Middle school was an adjustment, but I managed.  They stuffed the “smart kids” in all the same classes, so I had the same circle of friends for those three years.  In fact, those friends are still my friends today.  It was high school that did me in initially.  Freshman year for me was terribly difficult, as I knew no one.  I was 14 years old, so I couldn’t just pretend I couldn’t speak, so I talked when I had to, but there were entire classes in which I was mute.  I look back on that year with some regret as I missed an opportunity to make some great friends, however sophomore year saved the day as I met all my closest friends that year.  Through them I was able to come out of my shell a bit, and now I am 31 years old and I have no excuse not to participate in things when I have the chance.  The thing is, shyness doesn’t just go away.  Yes, I have managed to overcome a great deal of my social anxiety, and to be honest, I have to thank my job for that.  I was put in a position of authority and if I was to be successful as a manager, I had to learn to be more outgoing.  I still can be quite reserved around new employees and this often leads them to think I am not a very nice person.  I don’t like allowing people to think this about me, but again, sometimes I just don’t have any control over it.  Often times people falsely believe it’s an arrogance thing, and I want to tell them it’s quite the opposite, but how can I convince them of that?

It seems once people get to know me a little bit, my personality comes out a bit and they find I am not a terrible person after all.  I guess I just take some getting used to.  Unfortunately, there are still plenty of times when I clam up for no good reason.  I hate making phone calls to unknown people, even if it is business related.  For some reason, until recently (this is one I have been working on) I hated shaking hands.  This went for hugging too, which made family gatherings awkward as everyone got hugs but me.  I’m working on changing that too, because I realized that although I may have gotten over my stupid insecurities, my friends and family don’t know this so they still avoid physical contact.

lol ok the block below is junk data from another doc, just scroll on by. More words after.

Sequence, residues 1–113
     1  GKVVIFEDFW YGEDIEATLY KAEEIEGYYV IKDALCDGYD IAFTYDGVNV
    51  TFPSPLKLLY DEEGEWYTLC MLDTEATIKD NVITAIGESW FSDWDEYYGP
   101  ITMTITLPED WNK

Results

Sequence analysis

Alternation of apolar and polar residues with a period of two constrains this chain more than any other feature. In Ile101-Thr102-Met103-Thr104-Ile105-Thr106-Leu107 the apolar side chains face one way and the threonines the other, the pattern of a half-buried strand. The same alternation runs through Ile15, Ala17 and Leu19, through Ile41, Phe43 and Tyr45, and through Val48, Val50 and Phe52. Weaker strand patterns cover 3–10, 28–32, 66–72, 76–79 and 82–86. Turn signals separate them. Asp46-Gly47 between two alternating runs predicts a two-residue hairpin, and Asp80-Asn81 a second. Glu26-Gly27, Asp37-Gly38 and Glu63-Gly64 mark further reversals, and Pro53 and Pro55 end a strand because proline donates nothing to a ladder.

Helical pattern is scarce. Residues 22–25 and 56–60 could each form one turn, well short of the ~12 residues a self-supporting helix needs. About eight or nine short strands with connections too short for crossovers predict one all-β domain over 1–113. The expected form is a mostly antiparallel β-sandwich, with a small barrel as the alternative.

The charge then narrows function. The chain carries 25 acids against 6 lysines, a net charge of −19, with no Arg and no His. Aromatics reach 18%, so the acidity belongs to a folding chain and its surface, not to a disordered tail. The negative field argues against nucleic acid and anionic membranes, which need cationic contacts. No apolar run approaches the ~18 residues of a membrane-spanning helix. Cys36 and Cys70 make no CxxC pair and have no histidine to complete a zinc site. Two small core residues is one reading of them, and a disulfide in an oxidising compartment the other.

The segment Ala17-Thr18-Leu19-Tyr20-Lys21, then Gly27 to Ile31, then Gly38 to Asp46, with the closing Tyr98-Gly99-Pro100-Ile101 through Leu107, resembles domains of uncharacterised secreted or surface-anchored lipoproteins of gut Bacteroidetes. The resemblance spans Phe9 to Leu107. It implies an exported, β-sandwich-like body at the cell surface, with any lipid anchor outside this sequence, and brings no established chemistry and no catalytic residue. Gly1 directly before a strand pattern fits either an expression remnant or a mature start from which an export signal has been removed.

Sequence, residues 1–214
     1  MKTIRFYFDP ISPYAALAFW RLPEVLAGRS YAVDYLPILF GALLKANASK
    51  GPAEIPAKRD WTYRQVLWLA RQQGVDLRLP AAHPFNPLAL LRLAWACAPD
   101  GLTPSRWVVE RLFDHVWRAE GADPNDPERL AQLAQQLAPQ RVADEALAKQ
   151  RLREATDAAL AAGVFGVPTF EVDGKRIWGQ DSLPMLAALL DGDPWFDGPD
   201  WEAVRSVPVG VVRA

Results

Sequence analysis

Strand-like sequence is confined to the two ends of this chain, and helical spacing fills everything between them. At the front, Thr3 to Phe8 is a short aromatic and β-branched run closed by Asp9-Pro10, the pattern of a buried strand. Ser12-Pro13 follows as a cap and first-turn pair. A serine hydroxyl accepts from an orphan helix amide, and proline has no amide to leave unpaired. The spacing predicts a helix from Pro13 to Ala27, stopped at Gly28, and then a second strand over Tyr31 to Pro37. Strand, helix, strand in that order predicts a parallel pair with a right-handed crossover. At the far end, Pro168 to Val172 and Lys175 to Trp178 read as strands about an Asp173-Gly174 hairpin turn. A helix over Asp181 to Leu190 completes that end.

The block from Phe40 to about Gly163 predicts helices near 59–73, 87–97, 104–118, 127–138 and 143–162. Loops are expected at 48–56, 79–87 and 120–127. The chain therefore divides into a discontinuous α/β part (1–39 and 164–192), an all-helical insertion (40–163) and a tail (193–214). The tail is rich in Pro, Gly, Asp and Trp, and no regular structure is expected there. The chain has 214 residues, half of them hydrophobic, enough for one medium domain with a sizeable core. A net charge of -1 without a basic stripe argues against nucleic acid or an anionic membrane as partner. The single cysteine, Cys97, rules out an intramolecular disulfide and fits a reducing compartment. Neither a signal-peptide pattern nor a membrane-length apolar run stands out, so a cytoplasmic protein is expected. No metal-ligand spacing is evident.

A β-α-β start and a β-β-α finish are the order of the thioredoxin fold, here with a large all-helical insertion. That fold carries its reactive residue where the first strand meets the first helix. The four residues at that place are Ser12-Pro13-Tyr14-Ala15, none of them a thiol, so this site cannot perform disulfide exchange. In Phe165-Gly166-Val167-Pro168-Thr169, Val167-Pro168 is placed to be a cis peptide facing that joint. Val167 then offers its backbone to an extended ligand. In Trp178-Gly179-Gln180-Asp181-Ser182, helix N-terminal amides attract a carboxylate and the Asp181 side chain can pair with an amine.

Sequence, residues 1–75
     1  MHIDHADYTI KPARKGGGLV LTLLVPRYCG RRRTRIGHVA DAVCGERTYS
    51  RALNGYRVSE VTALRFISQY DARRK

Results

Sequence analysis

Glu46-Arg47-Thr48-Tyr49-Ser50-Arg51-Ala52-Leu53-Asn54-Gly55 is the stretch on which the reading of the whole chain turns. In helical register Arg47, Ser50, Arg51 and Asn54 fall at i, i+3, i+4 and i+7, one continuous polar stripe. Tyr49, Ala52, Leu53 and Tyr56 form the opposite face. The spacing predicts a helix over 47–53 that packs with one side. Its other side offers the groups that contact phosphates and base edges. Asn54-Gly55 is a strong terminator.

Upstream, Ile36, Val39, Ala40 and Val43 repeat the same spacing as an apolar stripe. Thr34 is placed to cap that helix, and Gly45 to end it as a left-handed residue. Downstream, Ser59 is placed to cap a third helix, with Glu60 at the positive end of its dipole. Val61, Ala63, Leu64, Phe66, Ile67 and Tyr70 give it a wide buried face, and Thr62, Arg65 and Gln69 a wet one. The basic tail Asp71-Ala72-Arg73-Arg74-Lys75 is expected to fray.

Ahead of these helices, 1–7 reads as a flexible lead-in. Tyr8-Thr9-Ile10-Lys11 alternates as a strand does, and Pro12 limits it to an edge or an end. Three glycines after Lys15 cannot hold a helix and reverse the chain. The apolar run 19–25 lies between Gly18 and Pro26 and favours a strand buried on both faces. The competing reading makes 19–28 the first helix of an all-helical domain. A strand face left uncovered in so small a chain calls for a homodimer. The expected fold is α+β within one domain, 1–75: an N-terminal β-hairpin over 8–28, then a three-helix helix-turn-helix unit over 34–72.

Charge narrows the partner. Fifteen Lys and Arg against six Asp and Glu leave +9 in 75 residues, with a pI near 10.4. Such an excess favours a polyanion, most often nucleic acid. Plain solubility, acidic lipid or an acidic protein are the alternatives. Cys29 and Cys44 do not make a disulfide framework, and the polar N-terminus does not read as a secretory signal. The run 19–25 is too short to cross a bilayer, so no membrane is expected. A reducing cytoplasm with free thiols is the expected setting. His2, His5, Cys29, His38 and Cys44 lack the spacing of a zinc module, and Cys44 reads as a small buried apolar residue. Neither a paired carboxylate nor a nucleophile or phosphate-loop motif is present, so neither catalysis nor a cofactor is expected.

So this brings me back to the foreign language thing.  I was actually pretty upset that many of the people posting in the forums were simply saying, “Get over it, don’t be shy.”  If it were that simple, no one would be shy.  It’s not like a shy person chooses to be that way.  One person even went so far as to say shy people were just rude for not participating.  Again, do they think we don’t want to participate?  I have been dabbling with Spanish for a long time now.  Years in fact.  I understand it pretty well, and I’d like to think I can speak it pretty well too, but there are only a select few people I feel comfortable talking with in Spanish.  I mean, think about it, I am trying to have a long distance relationship with someone who lives in South America and I am afraid to speak to her in Spanish.  Thankfully, she has given me the confidence to just do it, but I still struggle to take the initiative to speak on my own when I should.  I always say I want to work at a Mexican restaurant so I can practice, but I have yet to do more than hand a bartender an application and run out the door.

Next Friday I have signed myself up for a book club at the Spanish Community Center in my town.  You think I’m not terrified of this?  Since moving out on my own four years ago, I have been working on being a more social adult who gets involved in the community.  I know this is a great opportunity to get over my fears, but it is still going to be a huge step for me to take.  I have the book, I’ve been reading it a bit, and I have talked with the head of the discussion, so I’m like 3/4 of the way there.  The problem is that last quarter is the biggest quarter.  I desperately want to be that person who can flawlessly shift between languages and have conversations about anything in either language.  I know I can write pretty well, but speaking requires a bit more speed of thought.  I wouldn’t be so worried if I had the confidence to just spit out the first thing that comes to mind but I am a perfectionist and I worry about every detail.  I see myself coming home, kicking myself for saying la instead of el at some point.

In any case, the important thing now is simply getting to the meeting next week.  Wish me luck.

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~ by James on July 5, 2012.